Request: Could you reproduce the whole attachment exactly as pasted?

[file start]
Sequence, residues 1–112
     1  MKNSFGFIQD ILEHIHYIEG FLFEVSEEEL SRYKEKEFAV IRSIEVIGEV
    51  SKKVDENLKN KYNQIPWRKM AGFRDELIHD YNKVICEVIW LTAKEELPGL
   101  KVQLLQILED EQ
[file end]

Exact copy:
Sequence, residues 1–112
     1  MKNSFGFIQD ILEHIHYIEG FLFEVSEEEL SRYKEKEFAV IRSIEVIGEV
    51  SKKVDENLKN KYNQIPWRKM AGFRDELIHD YNKVICEVIW LTAKEELPGL
   101  KVQLLQILED EQ